The new issue of Epoché has just appeared. This is a special volume on the Italian philosopher Giorgio Agamben, the central theme and essays were put together by Professor Alejandro Vallega as guest editor of the journal.
As Professor Vallega explains in his introduction, the selected essays show that, on the one hand, “Agamben’s thought remains critically committed to the history of philosophy. On the other hand… Agamben’s engagement with the history of Western thought occurs as the site of a transformative critical thinking that seeks a path for philosophy out of its concrete contexts. In this sense his work follows a discipline of exposure that seems to violate history. This occurs as he critically reaches for what has been included through exclusion – in the name of history, language, the law, the human, and life – and as he thinks these operative fundamental conceptual structures out of the concrete negativity figured by ‘life’ under the sovereign exception. Thus, on the face of normalizations and biopolitics, of Western hegemonic power and globalizing, we are invited to think at the limit of our understanding of language, community, humanity, and freedom.”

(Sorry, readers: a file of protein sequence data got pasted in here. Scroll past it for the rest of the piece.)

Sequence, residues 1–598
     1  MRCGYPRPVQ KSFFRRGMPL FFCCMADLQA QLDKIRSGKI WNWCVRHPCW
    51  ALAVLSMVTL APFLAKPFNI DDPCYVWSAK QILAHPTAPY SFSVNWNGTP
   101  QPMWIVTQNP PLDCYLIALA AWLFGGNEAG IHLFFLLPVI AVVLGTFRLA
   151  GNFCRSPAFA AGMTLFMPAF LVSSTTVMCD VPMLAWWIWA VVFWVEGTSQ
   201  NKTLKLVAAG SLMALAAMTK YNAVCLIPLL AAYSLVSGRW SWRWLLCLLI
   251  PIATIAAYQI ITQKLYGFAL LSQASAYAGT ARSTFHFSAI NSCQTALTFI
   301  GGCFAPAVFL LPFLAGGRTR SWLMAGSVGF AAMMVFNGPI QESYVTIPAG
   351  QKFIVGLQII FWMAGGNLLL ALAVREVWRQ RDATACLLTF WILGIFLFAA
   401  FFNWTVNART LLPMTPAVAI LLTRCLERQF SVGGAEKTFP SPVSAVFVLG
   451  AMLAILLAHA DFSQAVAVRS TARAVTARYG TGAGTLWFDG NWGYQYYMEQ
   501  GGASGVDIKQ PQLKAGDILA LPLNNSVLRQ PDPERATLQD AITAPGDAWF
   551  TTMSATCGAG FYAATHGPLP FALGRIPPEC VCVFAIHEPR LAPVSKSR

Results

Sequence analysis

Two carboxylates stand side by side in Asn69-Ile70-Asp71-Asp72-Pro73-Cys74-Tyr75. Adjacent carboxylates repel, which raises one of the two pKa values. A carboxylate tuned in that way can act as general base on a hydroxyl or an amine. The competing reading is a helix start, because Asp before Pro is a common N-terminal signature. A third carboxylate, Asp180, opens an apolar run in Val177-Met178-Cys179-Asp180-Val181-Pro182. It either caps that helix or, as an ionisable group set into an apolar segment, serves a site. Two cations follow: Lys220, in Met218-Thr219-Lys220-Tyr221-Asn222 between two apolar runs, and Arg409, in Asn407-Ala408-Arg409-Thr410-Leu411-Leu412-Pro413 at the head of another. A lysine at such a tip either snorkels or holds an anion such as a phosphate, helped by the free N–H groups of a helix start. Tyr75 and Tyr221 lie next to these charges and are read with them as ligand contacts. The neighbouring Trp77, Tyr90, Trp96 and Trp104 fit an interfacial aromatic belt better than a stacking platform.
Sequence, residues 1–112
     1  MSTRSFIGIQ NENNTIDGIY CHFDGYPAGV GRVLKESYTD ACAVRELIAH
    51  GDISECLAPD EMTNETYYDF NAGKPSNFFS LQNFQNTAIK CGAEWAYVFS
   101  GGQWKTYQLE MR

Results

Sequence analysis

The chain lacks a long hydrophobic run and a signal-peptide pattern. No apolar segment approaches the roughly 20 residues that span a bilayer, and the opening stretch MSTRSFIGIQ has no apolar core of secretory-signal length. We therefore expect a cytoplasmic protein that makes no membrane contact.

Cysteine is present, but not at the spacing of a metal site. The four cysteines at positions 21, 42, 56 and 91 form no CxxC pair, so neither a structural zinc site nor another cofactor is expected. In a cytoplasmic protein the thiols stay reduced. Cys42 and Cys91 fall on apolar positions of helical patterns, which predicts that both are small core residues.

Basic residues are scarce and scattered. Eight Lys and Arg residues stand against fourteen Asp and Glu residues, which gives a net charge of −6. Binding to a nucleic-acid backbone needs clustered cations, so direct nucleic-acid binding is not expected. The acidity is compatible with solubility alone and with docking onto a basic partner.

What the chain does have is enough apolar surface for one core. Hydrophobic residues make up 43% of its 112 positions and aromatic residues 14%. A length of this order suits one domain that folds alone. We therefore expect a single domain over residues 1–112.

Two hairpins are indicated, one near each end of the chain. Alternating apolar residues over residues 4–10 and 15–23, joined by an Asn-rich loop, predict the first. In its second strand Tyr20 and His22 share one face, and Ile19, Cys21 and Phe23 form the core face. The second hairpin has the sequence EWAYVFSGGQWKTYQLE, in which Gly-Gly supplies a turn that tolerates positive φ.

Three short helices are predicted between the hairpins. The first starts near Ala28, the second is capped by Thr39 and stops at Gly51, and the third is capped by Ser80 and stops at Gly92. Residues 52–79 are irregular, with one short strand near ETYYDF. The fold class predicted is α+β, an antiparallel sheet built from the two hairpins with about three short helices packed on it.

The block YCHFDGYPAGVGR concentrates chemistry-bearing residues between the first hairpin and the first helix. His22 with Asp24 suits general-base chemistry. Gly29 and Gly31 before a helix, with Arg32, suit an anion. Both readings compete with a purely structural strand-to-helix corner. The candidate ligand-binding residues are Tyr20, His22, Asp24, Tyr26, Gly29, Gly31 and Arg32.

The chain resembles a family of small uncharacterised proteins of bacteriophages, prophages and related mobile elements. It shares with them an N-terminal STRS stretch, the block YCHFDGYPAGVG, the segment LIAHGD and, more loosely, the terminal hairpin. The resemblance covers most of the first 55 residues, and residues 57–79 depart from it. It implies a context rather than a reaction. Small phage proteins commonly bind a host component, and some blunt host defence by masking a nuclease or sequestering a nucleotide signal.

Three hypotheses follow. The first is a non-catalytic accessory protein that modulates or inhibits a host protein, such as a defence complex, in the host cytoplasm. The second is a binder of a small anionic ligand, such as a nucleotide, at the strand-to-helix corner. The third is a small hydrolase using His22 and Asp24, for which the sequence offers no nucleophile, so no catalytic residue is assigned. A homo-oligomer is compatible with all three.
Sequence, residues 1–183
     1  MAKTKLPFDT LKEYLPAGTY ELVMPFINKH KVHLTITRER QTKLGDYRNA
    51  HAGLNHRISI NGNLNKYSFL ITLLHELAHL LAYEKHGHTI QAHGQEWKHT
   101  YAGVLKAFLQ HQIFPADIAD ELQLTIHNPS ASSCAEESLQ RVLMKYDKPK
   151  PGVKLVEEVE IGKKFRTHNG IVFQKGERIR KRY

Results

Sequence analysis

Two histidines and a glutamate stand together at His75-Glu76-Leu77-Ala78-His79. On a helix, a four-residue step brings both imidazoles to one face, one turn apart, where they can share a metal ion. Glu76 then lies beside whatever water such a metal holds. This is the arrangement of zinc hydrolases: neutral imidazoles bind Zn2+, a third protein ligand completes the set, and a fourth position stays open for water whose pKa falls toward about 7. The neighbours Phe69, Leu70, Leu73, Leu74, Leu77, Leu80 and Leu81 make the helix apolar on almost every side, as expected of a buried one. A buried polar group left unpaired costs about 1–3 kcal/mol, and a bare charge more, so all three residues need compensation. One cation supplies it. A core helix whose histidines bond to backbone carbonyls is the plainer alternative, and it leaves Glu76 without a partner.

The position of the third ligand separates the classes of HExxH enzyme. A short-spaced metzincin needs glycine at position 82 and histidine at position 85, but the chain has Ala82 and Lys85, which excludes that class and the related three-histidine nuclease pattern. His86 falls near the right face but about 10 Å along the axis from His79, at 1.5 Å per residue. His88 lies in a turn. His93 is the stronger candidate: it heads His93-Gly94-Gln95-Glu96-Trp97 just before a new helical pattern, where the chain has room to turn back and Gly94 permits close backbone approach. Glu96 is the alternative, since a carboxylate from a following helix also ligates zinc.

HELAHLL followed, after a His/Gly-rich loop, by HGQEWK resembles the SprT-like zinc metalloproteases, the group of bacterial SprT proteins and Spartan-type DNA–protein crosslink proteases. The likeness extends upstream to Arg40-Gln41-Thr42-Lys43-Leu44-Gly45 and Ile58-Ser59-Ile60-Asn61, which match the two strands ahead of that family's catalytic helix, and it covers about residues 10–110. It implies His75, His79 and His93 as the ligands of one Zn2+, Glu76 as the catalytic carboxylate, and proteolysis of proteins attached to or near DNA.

The selections in the volume take their departure from discussions of Agamben’s work in relation to specific historical figures and periods (Plato, Hegel, German Romanticism, Foucault, and deconstruction), and they engage critically with questions of language, community, the political, play and infancy, aesthetics, and the spectacle.